Michael Pollan’s New York Times article “Out of the Kitchen, Onto the Couch” hung heavily over the “Food on the Tube: How TV Shapes the Way We Think About Food” talk Tuesday night at the 92nd Street Y. In attendance: Padma Lakshmi, Food 52’s Amanda Hesser, celebrity chef Charlie Trotter and author Kathleen Collins. More on Pollan later; let’s start with Trotter.
The chef kicked things off by quipping, “I’m always asked, ‘What role did food play early in my life?’ Well, no role.” He didn’t have an interest in food until college, when his gourmand roommate inspired him with his made-from-scratch cooking. Trotter studied his only cookbook, The Vegetarian Epicure, which started the chain of events that led him to where he is today.
The lesson was clear: Not everybody has an Italian grandmother to patiently teach them recipes from the Old Country or adventurous parents who drag them unwillingly to dim sum. Food television is an entryway to a world that is foreign to many Americans raised on TV dinners and fast food.
In fact, all the speakers were vehemently pro-food television, although Padma did happen to drop the vague “there is a lot of bad food television out there” line, which was fun because the audience got to imagine the snarling visage of Paula Deen floating overhead. Padma pointed to the fact that now most people know what an amuse-bouche is because of Top Chef, which is true! But will said people actually get off their asses to prepare an amuse-bouche? That was the question of the night.
If you don’t recall, Pollan wrote an article last year that basically said that watching the current crop of food television shows has turned us into shallow gourmet dilettantes who watch pretty people cook on the TV but don’t ever cook, which is why we are all big ol’ fatties who will die by the age of 35. Back in his day, people like Julia Child actually taught us to cook; now a fat bald guy sticks grubs in his mouth and we chortle happily as we stuff KFC Double Downs down our throats.
“Nobody expects people who watch football to go out and exercise more,” said Hesser of the expectation that food television should lead to an increase in cooking. She was firmly in the food-TV-is-just-entertainment-so-why-get-all-huffy-about-it camp.
Yes, said the wise and beautiful Padma, but food is something we have to engage with all the time, while playing football is not, so we should take how we talk about food more seriously. Food television should be both entertaining and educational. (Side note: At one point Padma told a story about how she attended a bar mitzvah on the Upper East Side where tweens told her they re-enact Top Chef‘s Quickfire challenges with five ingredients and the help of their stopwatch-armed mother. Adorable or kind of weird? You be the judge.)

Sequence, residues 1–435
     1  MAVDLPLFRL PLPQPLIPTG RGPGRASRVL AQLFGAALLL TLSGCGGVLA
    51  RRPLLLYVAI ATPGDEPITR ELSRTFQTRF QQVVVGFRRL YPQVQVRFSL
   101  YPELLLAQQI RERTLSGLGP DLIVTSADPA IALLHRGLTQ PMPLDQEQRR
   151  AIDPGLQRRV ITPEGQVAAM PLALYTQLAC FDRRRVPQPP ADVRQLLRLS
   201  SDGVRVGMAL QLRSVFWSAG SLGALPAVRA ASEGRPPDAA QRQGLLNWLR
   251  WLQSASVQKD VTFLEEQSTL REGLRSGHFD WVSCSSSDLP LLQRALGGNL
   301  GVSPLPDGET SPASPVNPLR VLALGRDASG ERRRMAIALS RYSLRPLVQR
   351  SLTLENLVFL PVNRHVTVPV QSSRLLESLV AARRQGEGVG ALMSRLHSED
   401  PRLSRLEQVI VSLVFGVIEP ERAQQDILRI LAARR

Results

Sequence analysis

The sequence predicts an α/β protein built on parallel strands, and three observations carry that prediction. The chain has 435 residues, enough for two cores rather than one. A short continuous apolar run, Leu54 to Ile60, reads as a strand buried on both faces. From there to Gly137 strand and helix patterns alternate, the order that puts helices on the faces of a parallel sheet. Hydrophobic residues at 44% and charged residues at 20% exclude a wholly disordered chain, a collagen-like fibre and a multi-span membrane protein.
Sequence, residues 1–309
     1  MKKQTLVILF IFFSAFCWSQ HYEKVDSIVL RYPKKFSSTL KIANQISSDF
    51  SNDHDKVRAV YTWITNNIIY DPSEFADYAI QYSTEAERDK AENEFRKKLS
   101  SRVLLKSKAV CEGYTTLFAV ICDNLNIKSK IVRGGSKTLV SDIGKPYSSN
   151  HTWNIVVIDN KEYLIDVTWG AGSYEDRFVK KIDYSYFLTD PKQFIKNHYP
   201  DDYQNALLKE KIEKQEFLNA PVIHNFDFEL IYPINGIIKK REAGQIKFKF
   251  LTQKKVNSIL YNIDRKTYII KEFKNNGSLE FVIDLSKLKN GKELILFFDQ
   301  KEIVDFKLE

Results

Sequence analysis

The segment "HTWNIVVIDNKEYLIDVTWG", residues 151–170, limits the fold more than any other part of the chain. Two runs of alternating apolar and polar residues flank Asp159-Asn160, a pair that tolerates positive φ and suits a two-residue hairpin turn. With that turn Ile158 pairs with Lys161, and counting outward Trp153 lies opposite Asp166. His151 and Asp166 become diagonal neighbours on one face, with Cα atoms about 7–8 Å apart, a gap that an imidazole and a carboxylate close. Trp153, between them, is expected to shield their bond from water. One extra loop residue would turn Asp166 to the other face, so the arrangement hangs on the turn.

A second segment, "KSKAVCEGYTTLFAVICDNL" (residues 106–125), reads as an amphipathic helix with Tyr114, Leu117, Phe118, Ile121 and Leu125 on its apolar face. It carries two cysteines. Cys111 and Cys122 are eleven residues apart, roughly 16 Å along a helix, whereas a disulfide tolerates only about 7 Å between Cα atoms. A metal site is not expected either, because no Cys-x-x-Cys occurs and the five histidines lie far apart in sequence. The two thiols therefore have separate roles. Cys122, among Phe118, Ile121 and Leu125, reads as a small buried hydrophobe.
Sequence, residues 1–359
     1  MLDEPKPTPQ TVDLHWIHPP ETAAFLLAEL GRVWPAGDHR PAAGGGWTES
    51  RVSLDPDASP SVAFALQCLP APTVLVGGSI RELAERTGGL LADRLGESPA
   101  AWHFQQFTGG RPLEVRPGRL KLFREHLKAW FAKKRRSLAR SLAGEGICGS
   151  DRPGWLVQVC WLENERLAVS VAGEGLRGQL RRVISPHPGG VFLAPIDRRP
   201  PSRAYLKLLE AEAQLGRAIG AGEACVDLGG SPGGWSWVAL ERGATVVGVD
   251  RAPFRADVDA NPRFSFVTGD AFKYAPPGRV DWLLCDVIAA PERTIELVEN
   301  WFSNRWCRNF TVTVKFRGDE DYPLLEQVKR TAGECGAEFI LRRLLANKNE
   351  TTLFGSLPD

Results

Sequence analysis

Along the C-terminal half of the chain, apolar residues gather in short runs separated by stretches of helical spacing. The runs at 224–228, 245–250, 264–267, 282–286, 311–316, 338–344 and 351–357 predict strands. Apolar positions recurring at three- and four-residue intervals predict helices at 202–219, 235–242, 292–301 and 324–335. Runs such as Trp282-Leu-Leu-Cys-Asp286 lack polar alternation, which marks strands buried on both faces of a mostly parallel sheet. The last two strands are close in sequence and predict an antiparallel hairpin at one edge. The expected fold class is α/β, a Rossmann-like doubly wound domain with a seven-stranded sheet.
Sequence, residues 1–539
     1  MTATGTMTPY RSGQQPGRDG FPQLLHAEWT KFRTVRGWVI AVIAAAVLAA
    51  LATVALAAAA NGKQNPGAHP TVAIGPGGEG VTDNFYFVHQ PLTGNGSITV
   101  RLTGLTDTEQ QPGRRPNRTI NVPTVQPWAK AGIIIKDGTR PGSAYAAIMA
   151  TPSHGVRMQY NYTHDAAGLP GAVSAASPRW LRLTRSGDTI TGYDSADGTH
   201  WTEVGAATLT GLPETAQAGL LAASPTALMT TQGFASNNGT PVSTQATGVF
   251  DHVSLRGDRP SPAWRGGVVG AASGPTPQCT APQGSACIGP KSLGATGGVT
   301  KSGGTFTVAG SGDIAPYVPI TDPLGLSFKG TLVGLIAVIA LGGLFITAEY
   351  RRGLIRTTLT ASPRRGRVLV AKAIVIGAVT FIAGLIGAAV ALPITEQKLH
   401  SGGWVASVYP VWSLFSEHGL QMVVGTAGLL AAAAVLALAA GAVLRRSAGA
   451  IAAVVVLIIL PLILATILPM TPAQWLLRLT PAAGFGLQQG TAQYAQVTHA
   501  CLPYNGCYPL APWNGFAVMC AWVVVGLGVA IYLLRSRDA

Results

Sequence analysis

“Even if you are watching for entertainment, you are still absorbing something,” said Trotter. Everyone agreed that overall, we are more knowledgeable about food than we were before because of food television. Padma then expressed a yearning to host a more PBS-like show in which she would explore the cultural and historical significance of different ingredients from around the world, which actually sounds like a good idea. Unfortunately, when she pitched it, the suits shot it down, presumably because it didn’t take place in the Kitchen Stadium.
Hesser made the good point that it’s unreasonable to expect people to cook every single day, let alone organic meals from scratch, when both parents are working long hours and there are kids to pick up from their many scheduled activities. If people cook dinner twice a week, but cook well with great ingredients, and then eat out at or order in from good restaurants the rest of the time, is it really the end of the world? As long as we know what good food is and aren’t subsisting on a diet of Hot Pockets and T.G.I. Friday’s chicken fingers, aren’t we going to be OK?
Yes, everyone nodded, and the matter was settled forever, or at least until Michael Pollan writes another article.
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